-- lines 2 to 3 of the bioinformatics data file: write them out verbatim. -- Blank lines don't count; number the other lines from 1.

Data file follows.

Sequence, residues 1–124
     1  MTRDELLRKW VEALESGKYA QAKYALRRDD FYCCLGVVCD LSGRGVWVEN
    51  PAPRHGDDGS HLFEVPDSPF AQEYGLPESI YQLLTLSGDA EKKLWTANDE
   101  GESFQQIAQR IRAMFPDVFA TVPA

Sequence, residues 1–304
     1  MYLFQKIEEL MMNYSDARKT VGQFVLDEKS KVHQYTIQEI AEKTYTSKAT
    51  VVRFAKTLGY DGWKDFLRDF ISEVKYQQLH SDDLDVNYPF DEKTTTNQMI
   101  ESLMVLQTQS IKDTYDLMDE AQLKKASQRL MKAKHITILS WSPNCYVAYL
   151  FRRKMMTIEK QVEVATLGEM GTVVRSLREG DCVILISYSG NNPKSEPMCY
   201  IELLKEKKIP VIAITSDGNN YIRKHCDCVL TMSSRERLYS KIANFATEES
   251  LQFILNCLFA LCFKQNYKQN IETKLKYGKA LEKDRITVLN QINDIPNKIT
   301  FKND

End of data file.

     1  MTRDELLRKW VEALESGKYA QAKYALRRDD FYCCLGVVCD LSGRGVWVEN
    51  PAPRHGDDGS HLFEVPDSPF AQEYGLPESI YQLLTLSGDA EKKLWTANDE